In last month’s newsletter, I said that Information Technology (IT) is about people and change, and that software and hardware are just a means to an end. However, some of you are operating under the impression that the IT organization itself is just a means to an end. To use an analogy, some of you believe that the IT organization is like a chauffeur, whose job it is to:
- Drive the car to the destinations chosen by the passengers,
- Maintain the car in good working order,
- Keep up with changing routes, and occasionally suggest a different route to reach the destination faster.
If your IT organization has a chauffeur mentality, then its job is to:
- Move the company’s technology to a destination chosen by the company executives,
- Maintain the technology infrastructure in good working order,
- Keep up with changing technology, and occasionally suggest a different route to reach the destination faster.
You might ask, “Well, what’s wrong with that?” Here’s what’s wrong: it’s managing — not leading. If your IT organization has a chauffeur mentality, then:
1. The company is not able to get the maximum benefit from information technology. The chauffeur isn’t involved in picking the destination. Neither is the IT organization included in the process of picking the best places to apply technology in the company, even though the IT organization contains your technology experts. How is the CEO supposed to know the best use of technology for the company? He or she has other things on which to focus.
2. There is no coordination of technology decisions. The chauffeur isn’t involved in the choice of transportation—whether to use a car, bus, train, or plane, or a combination of all four. Neither is the IT organization involved in the choice of technology. Maybe the sales organization picks a CRM package (which may, for example, require a Wintel platform), and the production organization picks an ERP system (which may run best on Unix), and the human resources organization picks time reporting software. Then the IT organization is faced with the job of integrating the results of these divergent decisions: both the data integration and the hardware/software integration. Were they the right decisions? Maybe or maybe not, depending on whether the integration trade-offs were adequately factored into the technology choice process. Wouldn’t it have been better to make those trade-offs explicitly rather than by default?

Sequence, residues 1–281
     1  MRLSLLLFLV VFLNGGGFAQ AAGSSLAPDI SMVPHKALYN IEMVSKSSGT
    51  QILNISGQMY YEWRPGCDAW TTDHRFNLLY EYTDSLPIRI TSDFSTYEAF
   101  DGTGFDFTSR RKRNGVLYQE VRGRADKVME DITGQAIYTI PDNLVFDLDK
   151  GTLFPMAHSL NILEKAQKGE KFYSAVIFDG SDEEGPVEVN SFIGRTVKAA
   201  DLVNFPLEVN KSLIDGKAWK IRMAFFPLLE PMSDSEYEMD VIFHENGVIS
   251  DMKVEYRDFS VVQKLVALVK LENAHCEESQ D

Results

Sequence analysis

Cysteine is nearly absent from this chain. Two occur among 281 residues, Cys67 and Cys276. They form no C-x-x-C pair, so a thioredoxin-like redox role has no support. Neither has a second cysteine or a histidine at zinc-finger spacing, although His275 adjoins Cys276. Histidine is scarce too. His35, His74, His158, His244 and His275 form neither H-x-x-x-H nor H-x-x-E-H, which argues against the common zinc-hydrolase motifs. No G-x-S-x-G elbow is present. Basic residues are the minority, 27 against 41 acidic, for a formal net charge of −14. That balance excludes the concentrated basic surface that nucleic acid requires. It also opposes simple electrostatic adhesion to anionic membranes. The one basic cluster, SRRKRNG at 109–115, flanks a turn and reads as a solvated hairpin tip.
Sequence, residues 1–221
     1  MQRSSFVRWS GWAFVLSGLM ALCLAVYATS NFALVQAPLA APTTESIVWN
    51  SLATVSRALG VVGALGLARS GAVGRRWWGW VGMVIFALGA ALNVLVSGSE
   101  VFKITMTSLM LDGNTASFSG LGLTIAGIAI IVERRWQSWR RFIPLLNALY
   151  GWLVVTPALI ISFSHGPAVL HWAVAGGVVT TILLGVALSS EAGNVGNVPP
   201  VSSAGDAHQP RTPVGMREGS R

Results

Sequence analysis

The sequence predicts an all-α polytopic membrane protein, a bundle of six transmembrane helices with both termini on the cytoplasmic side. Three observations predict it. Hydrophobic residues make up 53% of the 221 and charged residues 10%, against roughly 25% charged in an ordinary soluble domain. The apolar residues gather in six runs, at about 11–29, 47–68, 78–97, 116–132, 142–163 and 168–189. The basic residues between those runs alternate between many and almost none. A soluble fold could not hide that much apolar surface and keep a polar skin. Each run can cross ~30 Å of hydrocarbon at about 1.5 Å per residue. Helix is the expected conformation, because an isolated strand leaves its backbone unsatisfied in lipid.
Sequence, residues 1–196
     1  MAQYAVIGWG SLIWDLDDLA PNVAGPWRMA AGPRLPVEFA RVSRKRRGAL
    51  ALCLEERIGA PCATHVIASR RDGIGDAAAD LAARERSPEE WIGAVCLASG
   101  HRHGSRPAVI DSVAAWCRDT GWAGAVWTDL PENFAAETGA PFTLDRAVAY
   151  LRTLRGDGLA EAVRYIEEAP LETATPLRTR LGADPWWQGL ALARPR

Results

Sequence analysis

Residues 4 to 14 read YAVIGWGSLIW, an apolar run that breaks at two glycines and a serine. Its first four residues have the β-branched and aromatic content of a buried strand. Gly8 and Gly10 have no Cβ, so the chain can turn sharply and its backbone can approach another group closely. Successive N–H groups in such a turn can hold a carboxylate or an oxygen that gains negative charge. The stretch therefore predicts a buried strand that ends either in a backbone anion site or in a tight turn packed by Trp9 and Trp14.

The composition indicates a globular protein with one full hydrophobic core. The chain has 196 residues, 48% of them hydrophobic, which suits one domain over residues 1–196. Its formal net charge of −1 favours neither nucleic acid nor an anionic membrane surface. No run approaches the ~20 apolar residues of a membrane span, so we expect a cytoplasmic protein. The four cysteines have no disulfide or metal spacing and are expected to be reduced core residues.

3. The IT organization becomes a commodity, and is therefore easily subject to outsourcing. If you don’t have need of a full-time chauffeur, it’s easy to outsource to a limo service. There isn’t much of a downside to the outsourcing decision, as long as the limo service has reliable people who can follow directions. Similarly, outsourcing a “chauffeur mentality” IT organization doesn’t have much of a downside either. If IT just follows directions anyway, then why not outsource, either within the U.S., or off-shore? The risk is that when the company outsources IT, it gives up the ability to use IT strategically. Outsourcing IT may reduce cost, but it also greatly reduces the possibility of IT strategic benefit.
Is the CIO in your company a high-priced chauffeur? Then either replace the IT organization with the technology equivalent of a limo service, or get someone as CIO who can provide the technology advantage your company can use against its competition. If you’re a CIO, then you’re either strategic, or you’re gone.